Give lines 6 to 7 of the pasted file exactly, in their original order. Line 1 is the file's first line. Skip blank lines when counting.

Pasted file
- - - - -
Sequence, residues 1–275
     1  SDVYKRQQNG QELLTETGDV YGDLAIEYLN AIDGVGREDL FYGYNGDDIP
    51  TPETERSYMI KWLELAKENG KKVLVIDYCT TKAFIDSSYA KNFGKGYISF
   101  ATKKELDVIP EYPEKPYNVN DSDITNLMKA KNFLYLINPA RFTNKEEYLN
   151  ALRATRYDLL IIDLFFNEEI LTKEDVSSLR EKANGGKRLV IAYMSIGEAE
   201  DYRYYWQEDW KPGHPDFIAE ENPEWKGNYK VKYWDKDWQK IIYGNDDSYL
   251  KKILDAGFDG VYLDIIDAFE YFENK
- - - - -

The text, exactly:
   201  DYRYYWQEDW KPGHPDFIAE ENPEWKGNYK VKYWDKDWQK IIYGNDDSYL
   251  KKILDAGFDG VYLDIIDAFE YFENK